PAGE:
Week 5 – Blog Post: Typical vs. Maximal Performance

In the hypothetical situation presented in the blog assignment, I would choose to hire the higher-ceiling candidate, Avery, rather than the consistent Jaime. My thought process here is that we are not often given the opportunity to work with truly high achievers. In fact, these people come around so infrequently that I believe we have begun to erode our standards of what a truly high-achieving candidate really is. In the hiring sense, when we have the opportunity to make a move on a candidate who can possibly be a differentiator for the firm, I believe we need to make that move.

Many times, what separates true high achievers, or “A Players” as the book “Who” would identify, is a lack of coaching or mentoring to make up the gap between good results with high potential to truly outstanding results. If you analyze the known variables in the equation, you understand very quickly that the one key unknown is how our organization, our people, and our culture might affect the potential candidate who maybe has not yet reached that full potential. Why settle on mere consistency when a high-achieving candidate is out there and available?

For someone like Avery, a position where the workload and responsibility can be highly variable could be best suited for him, such as when deliverables require a maximum amount of effort over short periods of time with high pressure. It is reasonable to assume that the high pressure environment would bring out the high achievement in Avery, and the organization could benefit from those short bursts of truly great work. However, this is a high-risk/high-reward proposition. Indeed, if the Avery candidate does not perform under these higher pressure situations, it can put the organization is a much bigger hole than they would otherwise be in with a more consistent person in the role.

A good role for Jaime would be one that remains fairly consistent in terms of workload, expectations, and pressure. In this way, you can budget Jaime’s production versus the known tasks and deliverables, and make sure that you are set up for success at the time of a deliverable. Jaime’s work quality is a known, and it is best to pair this known with a work environment where the needs, responsibilities, and tasks are also known. In this way, you have a low-risk/low-reward atmosphere, where you are successfully able to minimize risk with an employee like Jaime.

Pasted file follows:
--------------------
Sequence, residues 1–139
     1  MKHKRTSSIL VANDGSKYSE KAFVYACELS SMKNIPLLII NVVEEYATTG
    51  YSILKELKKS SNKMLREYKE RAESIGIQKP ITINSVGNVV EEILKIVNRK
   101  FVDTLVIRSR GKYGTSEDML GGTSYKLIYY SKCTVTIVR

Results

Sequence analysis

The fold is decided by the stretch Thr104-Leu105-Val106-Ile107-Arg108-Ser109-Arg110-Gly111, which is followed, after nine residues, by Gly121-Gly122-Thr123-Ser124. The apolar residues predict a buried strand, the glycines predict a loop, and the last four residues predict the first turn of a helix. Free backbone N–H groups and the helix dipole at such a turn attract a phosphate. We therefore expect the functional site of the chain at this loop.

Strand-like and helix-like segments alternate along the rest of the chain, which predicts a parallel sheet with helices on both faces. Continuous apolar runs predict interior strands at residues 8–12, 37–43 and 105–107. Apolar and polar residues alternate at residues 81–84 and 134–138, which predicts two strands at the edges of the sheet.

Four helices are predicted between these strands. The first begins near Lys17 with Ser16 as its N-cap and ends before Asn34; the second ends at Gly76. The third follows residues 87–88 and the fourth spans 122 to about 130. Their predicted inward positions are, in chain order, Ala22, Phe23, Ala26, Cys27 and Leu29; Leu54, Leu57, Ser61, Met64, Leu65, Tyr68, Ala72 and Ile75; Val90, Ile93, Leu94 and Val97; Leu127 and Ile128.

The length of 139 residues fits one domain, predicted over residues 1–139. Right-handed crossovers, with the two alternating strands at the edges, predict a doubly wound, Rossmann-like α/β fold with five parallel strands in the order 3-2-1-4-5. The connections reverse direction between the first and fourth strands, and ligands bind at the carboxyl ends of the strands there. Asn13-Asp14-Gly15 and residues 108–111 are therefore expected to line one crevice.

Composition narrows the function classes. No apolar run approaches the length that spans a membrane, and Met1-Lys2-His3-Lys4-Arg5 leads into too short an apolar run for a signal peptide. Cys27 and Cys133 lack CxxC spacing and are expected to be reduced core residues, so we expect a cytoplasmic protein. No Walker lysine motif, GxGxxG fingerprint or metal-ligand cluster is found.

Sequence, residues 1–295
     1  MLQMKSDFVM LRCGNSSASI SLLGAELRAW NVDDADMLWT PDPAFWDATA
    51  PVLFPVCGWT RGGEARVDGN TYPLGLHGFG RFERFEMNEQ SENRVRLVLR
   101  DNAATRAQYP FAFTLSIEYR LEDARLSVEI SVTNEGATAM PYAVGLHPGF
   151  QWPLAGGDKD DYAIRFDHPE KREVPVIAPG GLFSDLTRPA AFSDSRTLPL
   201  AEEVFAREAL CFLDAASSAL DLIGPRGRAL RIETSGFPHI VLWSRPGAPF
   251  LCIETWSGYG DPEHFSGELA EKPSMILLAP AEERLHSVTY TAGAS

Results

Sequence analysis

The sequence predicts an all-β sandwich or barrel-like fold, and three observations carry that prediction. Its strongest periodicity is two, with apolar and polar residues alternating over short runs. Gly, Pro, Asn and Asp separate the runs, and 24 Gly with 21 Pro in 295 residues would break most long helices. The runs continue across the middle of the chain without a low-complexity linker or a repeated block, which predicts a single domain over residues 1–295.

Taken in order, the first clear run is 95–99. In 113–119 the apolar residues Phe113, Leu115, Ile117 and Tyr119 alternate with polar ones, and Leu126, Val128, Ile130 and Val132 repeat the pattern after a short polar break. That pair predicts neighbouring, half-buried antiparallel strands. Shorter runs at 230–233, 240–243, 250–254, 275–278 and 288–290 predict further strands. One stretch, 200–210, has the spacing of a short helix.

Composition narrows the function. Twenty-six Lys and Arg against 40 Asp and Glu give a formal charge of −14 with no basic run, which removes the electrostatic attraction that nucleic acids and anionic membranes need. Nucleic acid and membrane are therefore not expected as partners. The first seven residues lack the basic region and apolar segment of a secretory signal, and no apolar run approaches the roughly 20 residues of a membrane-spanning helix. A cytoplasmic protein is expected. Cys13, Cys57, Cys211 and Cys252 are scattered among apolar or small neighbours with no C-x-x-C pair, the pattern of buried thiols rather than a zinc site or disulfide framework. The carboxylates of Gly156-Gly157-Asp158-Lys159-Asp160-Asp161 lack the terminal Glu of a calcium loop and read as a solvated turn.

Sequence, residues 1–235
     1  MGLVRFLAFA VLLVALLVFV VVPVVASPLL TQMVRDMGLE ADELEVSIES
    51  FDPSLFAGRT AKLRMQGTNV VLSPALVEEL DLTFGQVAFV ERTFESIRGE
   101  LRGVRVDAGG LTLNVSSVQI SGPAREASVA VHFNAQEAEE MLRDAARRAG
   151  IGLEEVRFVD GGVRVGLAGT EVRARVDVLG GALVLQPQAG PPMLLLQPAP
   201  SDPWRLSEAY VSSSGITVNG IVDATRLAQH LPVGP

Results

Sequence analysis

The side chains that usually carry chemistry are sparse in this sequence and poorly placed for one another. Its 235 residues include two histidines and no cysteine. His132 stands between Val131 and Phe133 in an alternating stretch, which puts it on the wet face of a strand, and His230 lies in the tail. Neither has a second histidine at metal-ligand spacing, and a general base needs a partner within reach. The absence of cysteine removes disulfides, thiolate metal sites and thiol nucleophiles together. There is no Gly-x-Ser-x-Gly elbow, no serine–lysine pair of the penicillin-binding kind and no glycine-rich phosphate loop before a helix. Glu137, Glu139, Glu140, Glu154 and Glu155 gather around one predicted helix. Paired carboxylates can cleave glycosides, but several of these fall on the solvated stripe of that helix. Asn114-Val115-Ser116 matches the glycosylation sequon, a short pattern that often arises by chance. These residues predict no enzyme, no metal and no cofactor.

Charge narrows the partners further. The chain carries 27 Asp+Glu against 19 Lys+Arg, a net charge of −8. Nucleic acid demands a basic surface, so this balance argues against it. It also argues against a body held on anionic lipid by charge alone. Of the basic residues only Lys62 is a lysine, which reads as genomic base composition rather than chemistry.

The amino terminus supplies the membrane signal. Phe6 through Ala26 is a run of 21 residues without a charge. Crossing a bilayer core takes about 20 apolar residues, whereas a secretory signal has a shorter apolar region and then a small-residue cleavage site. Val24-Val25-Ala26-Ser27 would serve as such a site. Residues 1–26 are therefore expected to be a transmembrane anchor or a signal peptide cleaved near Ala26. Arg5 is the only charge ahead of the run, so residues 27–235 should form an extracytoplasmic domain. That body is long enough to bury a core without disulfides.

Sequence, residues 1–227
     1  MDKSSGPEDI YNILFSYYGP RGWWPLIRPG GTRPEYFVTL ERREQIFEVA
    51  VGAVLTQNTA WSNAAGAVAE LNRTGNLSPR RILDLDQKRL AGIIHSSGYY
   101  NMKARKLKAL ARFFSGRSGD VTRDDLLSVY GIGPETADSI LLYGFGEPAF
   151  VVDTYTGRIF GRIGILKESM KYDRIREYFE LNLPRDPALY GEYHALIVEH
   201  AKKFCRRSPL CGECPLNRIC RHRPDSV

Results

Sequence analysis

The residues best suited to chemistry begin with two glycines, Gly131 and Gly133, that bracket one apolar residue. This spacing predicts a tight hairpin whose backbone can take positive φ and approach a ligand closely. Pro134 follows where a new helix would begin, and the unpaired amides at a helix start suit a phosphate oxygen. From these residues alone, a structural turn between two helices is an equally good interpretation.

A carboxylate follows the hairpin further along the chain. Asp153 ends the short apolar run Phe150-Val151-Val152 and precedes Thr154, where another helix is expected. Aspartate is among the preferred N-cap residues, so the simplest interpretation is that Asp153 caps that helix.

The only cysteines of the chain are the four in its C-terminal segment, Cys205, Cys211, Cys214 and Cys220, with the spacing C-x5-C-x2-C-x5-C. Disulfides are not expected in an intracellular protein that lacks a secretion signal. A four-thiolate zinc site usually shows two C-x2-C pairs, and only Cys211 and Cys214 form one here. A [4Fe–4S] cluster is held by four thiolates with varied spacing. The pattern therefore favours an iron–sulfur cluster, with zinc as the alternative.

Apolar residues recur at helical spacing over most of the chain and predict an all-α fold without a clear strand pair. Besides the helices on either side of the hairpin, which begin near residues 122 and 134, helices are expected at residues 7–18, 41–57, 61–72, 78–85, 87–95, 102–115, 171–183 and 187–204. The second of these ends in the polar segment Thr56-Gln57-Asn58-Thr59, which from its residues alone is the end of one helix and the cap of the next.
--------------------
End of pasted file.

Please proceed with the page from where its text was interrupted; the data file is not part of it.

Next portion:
Week 4 – Blog Post: Critiquing a Recruitment Ad

My own unique brand as an employee would be characterized as a forward-thinking leader who enjoys the challenge of leading people toward a common goal. I would like for a prospective employer to see that I am warm, personable, and genuine in my communication style, and that I strive to be authentic in the work that I do and the way that I interact with my team. I am goal-oriented and I understand the importance of setting appropriate expectations and then delivering on those expectations, regardless of the scope of task or assignment. However, I also pay attention to culture, and I do not lose sight of the importance of the journey in pursuit of the desired destination.

My working style is collaborative. I enjoy building consensus within a team to achieve a common goal. Joys for me are landing a big project, delivering a complex task, or working with a colleague to achieve a stated goal.

If I were to present myself in a situation wanted ad, I would probably include phrases that outline my culture and describe the kind of person that I am. I would look for ways to tie in compentencies with results. If I could get potential employers to think about what successes the company can achieve by bringing me on board, that would be the goal. So instead of analyzing me as a potential candidate, they are instead thinking about how I can help the company grow into something else altogether. Maybe a list of rhetorical questions, asking if they want to see certain characterics improve at their company, or asking if they want to have better results in ceratin markets.

The wanted ad would have to have a modern and positive look and feel to it. Maybe some pictures of me presenting and conferences or working on the job with previous employers would be helpful in setting the stage. I would close the ad by asking companies what they have to lose in bringing me in for a discussion. If I could plant seed that I wouldn’t hurt to bring me in for just a 30-minute conversation, that would give me hopefully a small opportunity to get my foot in the door.


Week 3 – Blog Post: Job Descriptions

For this exercise, the job that I am referencing is my position at my current organization. I applied for a position with this organization a little under five years ago. The job description for the position that I applied for was significantly different than the position that I ended up taking, which interestingly enough did not have a formal job description developed for it. Then, about three years ago, I was promoted to another position that also did not have an explicit job position in writing. My example is probably similar to that of other folks in the engineering profession.